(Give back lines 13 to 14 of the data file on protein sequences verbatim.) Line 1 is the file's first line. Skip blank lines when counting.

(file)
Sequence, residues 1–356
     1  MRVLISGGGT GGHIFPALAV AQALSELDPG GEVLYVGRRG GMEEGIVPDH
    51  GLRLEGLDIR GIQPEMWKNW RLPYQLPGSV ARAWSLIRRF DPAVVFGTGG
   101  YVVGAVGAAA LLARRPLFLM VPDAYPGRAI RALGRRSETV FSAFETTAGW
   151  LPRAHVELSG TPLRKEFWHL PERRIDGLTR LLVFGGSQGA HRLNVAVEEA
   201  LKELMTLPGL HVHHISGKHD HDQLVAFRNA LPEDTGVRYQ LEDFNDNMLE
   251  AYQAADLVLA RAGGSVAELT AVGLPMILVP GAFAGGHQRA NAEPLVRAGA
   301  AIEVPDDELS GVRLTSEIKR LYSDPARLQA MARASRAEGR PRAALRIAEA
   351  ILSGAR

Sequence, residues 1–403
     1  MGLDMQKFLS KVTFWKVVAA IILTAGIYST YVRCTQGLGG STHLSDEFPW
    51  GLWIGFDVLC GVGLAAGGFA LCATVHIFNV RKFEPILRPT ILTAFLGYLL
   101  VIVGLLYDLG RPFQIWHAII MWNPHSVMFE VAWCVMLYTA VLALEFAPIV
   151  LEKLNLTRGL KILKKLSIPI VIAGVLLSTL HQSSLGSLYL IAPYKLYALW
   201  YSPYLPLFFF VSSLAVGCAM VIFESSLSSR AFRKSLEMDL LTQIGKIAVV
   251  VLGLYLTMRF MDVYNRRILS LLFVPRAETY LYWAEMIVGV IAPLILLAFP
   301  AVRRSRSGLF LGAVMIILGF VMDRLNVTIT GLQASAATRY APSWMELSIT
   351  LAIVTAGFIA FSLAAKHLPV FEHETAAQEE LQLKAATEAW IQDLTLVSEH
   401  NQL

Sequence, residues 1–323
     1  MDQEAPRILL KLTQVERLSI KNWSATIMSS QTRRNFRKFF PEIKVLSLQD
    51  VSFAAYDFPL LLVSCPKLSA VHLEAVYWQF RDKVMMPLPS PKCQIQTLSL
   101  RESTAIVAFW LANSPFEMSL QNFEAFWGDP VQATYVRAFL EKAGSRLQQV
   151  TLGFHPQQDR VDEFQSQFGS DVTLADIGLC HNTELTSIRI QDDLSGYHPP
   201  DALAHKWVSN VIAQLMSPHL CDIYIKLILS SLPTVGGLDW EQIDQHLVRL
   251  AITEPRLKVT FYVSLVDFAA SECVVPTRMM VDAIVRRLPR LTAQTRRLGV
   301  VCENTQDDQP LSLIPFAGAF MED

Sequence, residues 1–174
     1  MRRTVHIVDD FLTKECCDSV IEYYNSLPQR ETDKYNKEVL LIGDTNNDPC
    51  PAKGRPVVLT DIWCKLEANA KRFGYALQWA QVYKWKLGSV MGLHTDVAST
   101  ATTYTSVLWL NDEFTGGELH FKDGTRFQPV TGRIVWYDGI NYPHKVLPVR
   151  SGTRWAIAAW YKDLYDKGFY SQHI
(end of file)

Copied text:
   101  VIVGLLYDLG RPFQIWHAII MWNPHSVMFE VAWCVMLYTA VLALEFAPIV
   151  LEKLNLTRGL KILKKLSIPI VIAGVLLSTL HQSSLGSLYL IAPYKLYALW